• red-knot-rufa-subspecies

    Red Knot rufa subspecies (Calidris canutus rufa)

    Status: endangered

    This bird migrates from the central Canadian Arctic to southern South America, a distance of nearly 15,000 kilometres.

  • red-headed-woodpecker

    Red-headed Woodpecker (Melanerpes erythrocephalus)

    Status: special concern

    In addition to a bill, woodpeckers have special anatomical features to help them dig holes in wood and find insects. A covering of feathers over the nostrils keeps out pieces of wood and wood powder. A long, barbed tongue searches crevices and cracks for food. And the bird's salivary glands produce a glue-like substance that coats the tongue and, along with the barbs, helps it capture insects.

  • short-eared-owl

    Short-eared Owl (Asio flammeus)

    Status: special concern

    Short-eared Owls are nomadic, meaning that individuals wander over large distances, usually settling in areas where prey densities are high.

  • yellow-rail

    Yellow Rail (Coturnicops noveboracensis)

    Status: special concern

    In the breeding season, males can be heard almost always at night giving their distinct clicking sounds tic-tic, tic-tic-tic, which sound like two stones being banged together. Birdwatchers will use pebbles to imitate the call and attract rails out to the edge of the reeds where they can be briefly observed.

  • yellow-breasted-chat

    Yellow-breasted Chat (Icteria virens)

    Status: endangered

    The Yellow-breasted Chat's song consists of a weird assortment of clicks, whistles ands even chuckles.

  • red-necked-phalarope

    Red-necked Phalarop (Phalaropus labatus)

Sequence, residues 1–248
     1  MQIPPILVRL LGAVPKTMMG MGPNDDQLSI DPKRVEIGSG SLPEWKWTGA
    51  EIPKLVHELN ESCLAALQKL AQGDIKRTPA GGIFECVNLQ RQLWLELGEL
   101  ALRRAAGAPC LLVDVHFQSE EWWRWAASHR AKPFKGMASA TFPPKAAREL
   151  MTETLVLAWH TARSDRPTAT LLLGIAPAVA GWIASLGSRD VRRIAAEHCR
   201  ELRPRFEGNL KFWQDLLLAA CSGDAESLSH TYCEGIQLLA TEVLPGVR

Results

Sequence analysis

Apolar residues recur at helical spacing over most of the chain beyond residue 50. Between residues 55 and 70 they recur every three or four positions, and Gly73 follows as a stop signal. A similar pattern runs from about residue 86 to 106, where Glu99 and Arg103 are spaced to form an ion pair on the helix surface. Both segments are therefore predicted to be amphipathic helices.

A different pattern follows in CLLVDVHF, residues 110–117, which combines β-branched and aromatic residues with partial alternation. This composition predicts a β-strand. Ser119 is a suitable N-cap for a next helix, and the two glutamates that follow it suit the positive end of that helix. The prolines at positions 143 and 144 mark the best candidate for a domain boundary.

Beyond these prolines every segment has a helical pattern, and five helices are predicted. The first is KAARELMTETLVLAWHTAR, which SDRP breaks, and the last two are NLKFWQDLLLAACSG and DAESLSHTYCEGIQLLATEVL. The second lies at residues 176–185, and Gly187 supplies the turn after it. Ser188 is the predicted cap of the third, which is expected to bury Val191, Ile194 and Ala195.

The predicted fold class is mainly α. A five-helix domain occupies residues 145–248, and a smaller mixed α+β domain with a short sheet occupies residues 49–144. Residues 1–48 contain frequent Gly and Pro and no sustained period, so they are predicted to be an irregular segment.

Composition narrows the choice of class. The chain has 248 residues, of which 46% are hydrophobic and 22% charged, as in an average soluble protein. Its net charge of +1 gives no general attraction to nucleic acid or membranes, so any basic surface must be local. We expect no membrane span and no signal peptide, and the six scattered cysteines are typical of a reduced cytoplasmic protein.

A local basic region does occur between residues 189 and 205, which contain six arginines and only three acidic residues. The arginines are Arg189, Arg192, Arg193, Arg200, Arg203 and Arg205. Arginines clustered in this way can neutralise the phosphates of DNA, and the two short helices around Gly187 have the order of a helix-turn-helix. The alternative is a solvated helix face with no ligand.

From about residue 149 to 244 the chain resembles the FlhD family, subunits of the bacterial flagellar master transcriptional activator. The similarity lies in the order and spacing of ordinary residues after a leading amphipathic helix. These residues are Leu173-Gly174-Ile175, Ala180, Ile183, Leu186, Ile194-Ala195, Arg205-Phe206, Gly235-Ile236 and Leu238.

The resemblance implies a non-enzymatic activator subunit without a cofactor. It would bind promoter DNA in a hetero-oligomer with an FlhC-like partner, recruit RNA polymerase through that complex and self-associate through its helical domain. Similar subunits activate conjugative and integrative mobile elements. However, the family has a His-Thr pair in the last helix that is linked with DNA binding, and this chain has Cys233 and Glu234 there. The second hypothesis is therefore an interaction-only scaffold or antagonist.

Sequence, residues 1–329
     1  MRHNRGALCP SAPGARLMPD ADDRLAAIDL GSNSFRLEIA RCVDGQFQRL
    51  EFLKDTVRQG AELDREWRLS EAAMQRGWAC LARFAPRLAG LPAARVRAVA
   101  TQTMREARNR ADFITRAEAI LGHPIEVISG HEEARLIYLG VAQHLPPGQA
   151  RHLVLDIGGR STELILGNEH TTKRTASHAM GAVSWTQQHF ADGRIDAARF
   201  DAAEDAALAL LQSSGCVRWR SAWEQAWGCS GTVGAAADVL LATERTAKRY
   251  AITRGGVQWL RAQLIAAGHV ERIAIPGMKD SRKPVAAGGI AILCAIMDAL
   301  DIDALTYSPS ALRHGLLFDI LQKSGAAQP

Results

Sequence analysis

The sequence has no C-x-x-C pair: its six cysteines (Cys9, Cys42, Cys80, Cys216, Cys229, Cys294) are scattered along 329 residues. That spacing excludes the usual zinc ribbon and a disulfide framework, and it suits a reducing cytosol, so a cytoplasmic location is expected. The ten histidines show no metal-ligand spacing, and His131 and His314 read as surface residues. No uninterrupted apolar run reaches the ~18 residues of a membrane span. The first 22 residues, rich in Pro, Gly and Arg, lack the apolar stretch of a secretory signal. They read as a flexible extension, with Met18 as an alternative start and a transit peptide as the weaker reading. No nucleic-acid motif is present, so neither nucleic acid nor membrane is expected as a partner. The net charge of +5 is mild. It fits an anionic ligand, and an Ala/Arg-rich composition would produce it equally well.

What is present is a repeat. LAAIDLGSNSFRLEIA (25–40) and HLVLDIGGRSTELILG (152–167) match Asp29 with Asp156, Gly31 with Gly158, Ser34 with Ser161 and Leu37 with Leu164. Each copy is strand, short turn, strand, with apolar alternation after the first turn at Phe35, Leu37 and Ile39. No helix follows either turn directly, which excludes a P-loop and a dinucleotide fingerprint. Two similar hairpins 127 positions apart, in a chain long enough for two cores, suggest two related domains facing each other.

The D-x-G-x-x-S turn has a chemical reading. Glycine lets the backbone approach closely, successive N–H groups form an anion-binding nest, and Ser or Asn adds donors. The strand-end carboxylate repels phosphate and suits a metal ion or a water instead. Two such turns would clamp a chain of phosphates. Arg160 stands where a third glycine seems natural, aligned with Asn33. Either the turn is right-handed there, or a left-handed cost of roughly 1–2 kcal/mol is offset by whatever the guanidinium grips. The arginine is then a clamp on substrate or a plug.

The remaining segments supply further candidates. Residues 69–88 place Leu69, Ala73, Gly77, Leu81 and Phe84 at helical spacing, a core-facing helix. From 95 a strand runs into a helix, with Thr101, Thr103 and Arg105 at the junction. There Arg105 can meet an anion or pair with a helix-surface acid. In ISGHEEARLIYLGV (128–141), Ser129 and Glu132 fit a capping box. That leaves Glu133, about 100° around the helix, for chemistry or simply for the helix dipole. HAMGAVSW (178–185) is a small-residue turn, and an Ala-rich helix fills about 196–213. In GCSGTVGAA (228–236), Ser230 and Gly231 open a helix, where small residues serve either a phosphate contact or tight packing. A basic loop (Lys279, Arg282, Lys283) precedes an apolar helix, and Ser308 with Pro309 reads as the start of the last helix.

Status: special concern

  • grasshopper-sparrow

    Grasshopper Sparrow (Ammodramus savannarum)

    Status: special concern

Fish and Mussels

  • american-eel

    American Eel (Anguilla rostrata)

    Status: endangered

    These fish can absorb oxygen through their skin as well as their gills, allowing them to travel brie?y over wet grass or mud.

  • black-redhorse

    Black Redhorse (Moxostoma duquesnei)

    Status: threatened

    During the breeding season, the body colour of the male Black Redhorse changes from bluish-silver to a darker greenish-black.

  • blackstripe-topminnow

    Blackstripe Topminnow (Fundulus notatus)

    Status: special concern

    During the breeding season, the normally drab-looking, male Eastern Sand Darters become flushed with yellowish colouration and can develop metallic blue and green colours on their cheeks.

  • bridle-shiner

    Bridle Shiner (Notropis bifrenatus)

    Status: special concern

    The Bridle Shiner can be easily confused with the Blacknose Shiner, Blackchin Shiner and the Pugnose Shiner with which it commonly shares clear vegetated habitats.

  • channel-darter

    Channel Darter (Percina copelandi)

    Status: threatened

    The sandy colour of the Channel Darter provides perfect camouflage with the sandy river and lake bottoms where it lives.

  • cutlip-minnow

    Cutlip Minnow (Exoglossum maxillingua)